Jordan Peele Just Became the First Black Writer-Director With a $100M Movie Debut

Even with big releases like “Logan” dividing moviegoers’ attention, topical horror-satire “Get Out” remains the breakout success of 2017

Over the weekend, “Get Out” director Jordan Peele quietly made history when he became the first African-American writer-director to earn $100 million with his debut movie.

In its third weekend of release, the horror-satire continued to show long legs despite strong competition from two big blockbusters, “Logan” and “Kong: Skull Island.” The film only saw a 25 percent drop off from the previous weekend to hold to an estimated $21 million, bringing its domestic cume to an estimated $111 million.

The last movie with a black director to reach the $100 million mark was F. Gary Gray’s “Straight Outta Compton” in 2015. That film — Gray’s ninth as a director — had many more resources and people involved in its making than “Get Out.” It was written by Andrea Berloff and Jonathan Herman, given a $50 million budget, and had the added appeal of being based on the rise of the legendary rap group N.W.A., with its most prominent members, Dr. Dre and Ice Cube, attached as producers.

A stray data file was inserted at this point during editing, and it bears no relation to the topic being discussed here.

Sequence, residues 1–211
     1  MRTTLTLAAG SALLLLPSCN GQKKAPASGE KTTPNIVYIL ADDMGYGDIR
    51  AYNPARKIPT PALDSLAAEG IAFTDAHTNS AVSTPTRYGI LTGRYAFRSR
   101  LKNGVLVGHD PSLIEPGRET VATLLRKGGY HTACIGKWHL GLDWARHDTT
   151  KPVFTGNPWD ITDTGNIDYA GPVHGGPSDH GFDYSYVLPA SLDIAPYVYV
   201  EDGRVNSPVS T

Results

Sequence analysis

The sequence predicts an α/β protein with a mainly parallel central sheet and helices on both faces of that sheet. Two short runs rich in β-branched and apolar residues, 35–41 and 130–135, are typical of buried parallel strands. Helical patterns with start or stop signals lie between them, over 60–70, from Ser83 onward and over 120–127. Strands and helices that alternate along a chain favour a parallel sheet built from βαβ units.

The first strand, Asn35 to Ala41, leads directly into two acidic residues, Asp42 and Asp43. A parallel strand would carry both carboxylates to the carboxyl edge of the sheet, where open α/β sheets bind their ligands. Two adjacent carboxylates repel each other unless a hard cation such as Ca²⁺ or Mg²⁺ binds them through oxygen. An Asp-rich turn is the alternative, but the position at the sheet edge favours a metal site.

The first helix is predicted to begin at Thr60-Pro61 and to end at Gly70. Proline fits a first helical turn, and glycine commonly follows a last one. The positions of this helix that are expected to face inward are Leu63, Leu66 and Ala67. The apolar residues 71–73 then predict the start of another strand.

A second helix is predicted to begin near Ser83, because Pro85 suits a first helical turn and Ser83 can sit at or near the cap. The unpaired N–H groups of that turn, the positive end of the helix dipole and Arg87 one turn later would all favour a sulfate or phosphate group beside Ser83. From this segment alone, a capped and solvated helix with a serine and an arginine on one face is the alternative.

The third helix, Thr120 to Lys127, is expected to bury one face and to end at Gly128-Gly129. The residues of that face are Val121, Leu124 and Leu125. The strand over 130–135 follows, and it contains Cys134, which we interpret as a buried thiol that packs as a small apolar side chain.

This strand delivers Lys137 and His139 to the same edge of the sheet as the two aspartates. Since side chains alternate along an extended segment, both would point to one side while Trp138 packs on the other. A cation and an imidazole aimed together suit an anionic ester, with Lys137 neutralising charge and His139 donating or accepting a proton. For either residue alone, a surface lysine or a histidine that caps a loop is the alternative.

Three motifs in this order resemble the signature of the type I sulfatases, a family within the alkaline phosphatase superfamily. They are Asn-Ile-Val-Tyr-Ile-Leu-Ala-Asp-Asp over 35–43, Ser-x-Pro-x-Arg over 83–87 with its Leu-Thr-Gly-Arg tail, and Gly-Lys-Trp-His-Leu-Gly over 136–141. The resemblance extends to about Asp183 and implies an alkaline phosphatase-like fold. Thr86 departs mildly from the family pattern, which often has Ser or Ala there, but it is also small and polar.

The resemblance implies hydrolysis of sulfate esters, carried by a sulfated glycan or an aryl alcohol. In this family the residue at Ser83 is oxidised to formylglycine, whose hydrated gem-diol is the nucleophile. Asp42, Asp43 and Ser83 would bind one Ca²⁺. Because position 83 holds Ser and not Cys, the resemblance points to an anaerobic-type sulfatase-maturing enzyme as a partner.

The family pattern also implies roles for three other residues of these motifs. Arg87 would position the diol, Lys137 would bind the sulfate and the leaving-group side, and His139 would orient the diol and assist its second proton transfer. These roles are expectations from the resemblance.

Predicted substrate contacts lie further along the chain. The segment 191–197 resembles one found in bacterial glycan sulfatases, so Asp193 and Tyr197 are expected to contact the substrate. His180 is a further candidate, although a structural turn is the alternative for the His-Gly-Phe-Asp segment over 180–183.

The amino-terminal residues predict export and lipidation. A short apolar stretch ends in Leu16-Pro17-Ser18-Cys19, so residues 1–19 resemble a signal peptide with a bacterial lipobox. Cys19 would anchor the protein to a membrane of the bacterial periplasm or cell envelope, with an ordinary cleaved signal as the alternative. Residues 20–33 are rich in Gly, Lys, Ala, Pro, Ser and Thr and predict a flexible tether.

Not only did Peele, who produced as well as wrote and directed “Get Out,” achieve the milestone with a $4 million budget and a largely unknown cast, he set a new studio record for Blumhouse in the process. “Get Out” only needed 16 days for its domestic cume to pass the nine-digit mark.

That breaks the record set by Blumhouse’s other 2017 hit, “Split,” which reached $100 million in 19 days.

Horror movies usually rely on a strong opening weekend for the majority of their box office haul, after which they hit a substantial drop-off in subsequent weeks. Not so for “Get Out.”

The Universal/Blumhouse film was expected by trackers to make $24 million in its opening weekend. Instead, “Get Out” ended up beating that projection in both its first and second weekends, posting a $34 million opening before dropping off to $28 million in week two.